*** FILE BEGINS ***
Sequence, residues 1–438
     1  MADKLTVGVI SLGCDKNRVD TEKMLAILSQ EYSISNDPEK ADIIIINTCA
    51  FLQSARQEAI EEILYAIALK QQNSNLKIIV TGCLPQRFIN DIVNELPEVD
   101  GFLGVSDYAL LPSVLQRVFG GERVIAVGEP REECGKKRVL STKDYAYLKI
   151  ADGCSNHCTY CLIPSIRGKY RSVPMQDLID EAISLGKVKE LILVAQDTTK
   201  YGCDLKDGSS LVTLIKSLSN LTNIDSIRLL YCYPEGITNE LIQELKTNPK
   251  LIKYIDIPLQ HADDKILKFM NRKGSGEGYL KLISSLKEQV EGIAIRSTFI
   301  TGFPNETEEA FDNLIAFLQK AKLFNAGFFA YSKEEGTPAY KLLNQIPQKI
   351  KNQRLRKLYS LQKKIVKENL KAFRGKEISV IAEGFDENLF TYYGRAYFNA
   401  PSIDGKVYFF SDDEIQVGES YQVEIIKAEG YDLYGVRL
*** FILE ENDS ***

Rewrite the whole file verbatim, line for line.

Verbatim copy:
Sequence, residues 1–438
     1  MADKLTVGVI SLGCDKNRVD TEKMLAILSQ EYSISNDPEK ADIIIINTCA
    51  FLQSARQEAI EEILYAIALK QQNSNLKIIV TGCLPQRFIN DIVNELPEVD
   101  GFLGVSDYAL LPSVLQRVFG GERVIAVGEP REECGKKRVL STKDYAYLKI
   151  ADGCSNHCTY CLIPSIRGKY RSVPMQDLID EAISLGKVKE LILVAQDTTK
   201  YGCDLKDGSS LVTLIKSLSN LTNIDSIRLL YCYPEGITNE LIQELKTNPK
   251  LIKYIDIPLQ HADDKILKFM NRKGSGEGYL KLISSLKEQV EGIAIRSTFI
   301  TGFPNETEEA FDNLIAFLQK AKLFNAGFFA YSKEEGTPAY KLLNQIPQKI
   351  KNQRLRKLYS LQKKIVKENL KAFRGKEISV IAEGFDENLF TYYGRAYFNA
   401  PSIDGKVYFF SDDEIQVGES YQVEIIKAEG YDLYGVRL